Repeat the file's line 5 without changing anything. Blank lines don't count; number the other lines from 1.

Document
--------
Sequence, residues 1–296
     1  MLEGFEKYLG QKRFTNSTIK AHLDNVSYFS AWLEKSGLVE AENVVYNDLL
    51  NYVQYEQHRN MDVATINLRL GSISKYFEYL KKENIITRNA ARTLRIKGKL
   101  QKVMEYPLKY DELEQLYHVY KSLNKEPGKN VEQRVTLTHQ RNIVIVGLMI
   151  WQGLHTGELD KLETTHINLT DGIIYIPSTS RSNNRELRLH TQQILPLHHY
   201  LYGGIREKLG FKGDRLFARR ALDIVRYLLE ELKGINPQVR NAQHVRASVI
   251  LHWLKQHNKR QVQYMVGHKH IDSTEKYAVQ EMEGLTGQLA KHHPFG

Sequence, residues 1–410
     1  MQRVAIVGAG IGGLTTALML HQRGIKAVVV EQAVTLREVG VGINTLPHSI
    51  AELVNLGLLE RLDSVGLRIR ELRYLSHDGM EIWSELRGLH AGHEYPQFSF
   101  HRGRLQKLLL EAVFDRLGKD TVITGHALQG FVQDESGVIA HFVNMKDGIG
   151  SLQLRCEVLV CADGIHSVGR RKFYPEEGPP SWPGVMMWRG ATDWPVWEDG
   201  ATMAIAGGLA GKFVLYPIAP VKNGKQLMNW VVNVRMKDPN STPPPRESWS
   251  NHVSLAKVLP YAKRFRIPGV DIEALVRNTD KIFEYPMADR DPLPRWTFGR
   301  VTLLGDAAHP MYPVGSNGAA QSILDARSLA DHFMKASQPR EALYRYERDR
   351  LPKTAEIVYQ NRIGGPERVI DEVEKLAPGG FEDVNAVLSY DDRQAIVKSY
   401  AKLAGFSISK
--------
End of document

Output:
   151  WQGLHTGELD KLETTHINLT DGIIYIPSTS RSNNRELRLH TQQILPLHHY